No. 4, Whitehall Gardens – Episode 38

No. 4 Whitehall Gardens illustration by Sailesh Thakrar

William could tell his mother was upset. For two days he watched her fretting, and was beginning to fear for her health.

“I have a confession, William,” she said one day.

He waited.

“I told you that John Westall is dead,” she said.

“In Newgate, yes,” William replied.

She swallowed.

“He did not die. He is alive and released from jail. He sent a message that he wants to meet us.” She put her head in her hands. “Why, when our hope is to keep Molly from evil?”

William’s mind raced.

“You married two men, Mother?” he asked.

She looked up.

“No! Don’t think that of me. My disgrace is that I divorced Westall while he was in prison, and I told Molly he had died. Then I met your father.”

“You wanted to save Molly from Westall,” William murmured.

“I knew you’d understand, Will! I hoped she’d forget him, but instead she reveres him as a hero.”

Mother and son talked late into the night. They both knew that trying to keep Westall away from his daughter was doomed to failure.

“But why has he come now?” William asked. “After so many years?”

Mariah shook her head.

“I don’t know, but I suspect.”

“Better to meet him here, on our terms,” William said.

They sent a message asking Westall to come to the house when Molly was out walking with Silas.

They would listen to his explanation and either send him packing, or wait with him for Molly’s return.

*  *  *  *

Westall was tardy, and bluff and confident, and he talked.

William was reminded of Molly as he prattled on about himself. He spoke cheerfully to Mariah about their “joyful years” and also about the plans he had for personal success.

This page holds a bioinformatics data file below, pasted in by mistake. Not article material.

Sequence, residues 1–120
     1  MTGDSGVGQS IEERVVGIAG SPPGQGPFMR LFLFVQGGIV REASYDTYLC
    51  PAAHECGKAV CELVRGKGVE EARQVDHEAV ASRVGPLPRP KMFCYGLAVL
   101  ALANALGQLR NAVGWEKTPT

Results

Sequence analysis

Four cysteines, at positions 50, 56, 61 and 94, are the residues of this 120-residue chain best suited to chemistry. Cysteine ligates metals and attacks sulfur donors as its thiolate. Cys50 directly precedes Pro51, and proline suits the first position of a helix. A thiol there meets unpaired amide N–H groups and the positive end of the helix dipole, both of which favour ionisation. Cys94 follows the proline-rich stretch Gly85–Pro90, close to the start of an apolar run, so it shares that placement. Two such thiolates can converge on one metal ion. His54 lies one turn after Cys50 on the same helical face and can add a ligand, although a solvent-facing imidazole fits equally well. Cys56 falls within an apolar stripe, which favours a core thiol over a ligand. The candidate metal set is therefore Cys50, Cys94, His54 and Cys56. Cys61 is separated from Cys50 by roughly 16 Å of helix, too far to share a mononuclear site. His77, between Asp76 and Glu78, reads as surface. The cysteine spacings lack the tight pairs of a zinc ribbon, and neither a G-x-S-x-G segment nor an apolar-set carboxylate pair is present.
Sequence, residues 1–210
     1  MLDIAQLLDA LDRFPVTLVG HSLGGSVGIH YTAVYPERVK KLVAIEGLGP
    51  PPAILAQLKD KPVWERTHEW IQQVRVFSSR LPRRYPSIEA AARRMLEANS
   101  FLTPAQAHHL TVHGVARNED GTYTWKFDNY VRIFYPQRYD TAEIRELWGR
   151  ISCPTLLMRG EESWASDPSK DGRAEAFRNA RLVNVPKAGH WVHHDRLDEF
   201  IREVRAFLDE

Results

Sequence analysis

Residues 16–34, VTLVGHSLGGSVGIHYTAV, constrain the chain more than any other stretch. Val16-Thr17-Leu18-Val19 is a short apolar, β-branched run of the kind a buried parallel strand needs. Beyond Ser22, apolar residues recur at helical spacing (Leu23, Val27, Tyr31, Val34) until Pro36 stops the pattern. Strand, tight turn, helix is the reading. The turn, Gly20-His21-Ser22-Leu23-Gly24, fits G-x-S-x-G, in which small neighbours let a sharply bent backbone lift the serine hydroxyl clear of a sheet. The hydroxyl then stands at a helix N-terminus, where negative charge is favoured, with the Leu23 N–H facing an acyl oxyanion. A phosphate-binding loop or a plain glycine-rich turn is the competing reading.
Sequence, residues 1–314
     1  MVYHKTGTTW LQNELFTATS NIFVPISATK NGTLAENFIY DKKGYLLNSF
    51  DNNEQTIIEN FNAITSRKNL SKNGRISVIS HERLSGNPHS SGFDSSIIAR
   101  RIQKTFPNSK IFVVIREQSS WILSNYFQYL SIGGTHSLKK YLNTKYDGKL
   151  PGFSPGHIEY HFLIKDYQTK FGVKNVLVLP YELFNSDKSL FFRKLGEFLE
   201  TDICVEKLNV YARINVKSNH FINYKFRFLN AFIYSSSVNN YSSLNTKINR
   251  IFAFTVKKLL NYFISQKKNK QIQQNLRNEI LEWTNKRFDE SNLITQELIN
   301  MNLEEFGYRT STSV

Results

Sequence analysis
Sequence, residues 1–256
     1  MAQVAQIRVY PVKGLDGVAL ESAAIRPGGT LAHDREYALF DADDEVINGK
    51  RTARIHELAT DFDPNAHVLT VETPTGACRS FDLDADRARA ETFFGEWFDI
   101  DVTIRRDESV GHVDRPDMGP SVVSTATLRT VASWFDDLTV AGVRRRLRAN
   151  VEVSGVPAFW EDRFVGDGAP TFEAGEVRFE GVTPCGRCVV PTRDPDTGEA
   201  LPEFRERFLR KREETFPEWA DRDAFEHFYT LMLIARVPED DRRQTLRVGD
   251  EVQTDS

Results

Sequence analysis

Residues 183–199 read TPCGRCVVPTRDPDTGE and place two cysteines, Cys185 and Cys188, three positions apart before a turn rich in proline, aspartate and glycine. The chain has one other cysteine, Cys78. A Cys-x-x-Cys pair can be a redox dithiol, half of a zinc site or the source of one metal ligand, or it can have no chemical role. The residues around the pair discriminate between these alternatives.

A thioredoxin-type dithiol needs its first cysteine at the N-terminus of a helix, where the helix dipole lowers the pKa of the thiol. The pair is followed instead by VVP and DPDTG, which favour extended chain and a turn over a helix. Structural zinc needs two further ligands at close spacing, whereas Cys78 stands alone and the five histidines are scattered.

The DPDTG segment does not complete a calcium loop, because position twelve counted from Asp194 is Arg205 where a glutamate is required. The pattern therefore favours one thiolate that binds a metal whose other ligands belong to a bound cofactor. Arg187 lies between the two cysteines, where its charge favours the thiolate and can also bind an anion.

“I’ve had some hard times, Mariah,” he said. “But now I mean to use my brains. I will make something of myself, like this young man here.”

He grinned at William.

“He’s a clever boy. He might be my own son!”

Westall sat with his back to the door, which led to a lean-to between their dwelling and the alley behind. The door lay ajar. William heard a noise from there and suspected a cat.

He wanted to investigate but the man droned on. It was becoming clear that Westall wanted money, or at least comfort and ease.

He mentioned a temporary billet and offered to pay rent when he was sorted out. William recognised him for the blaggard he was – work-shy and shameless. He sensed his mother’s distress.

“But you came to see your child?”

Westall seemed taken aback.

“Oh, yes,” he said. “I was coming to the child, of course.”

Abigail Phillips

Abbie is the newest member of the fiction team at the "Friend." She loves how varied the role is - every day is different and there is always a new story to read. She is keen to work closely with established writers and discover new writers, too.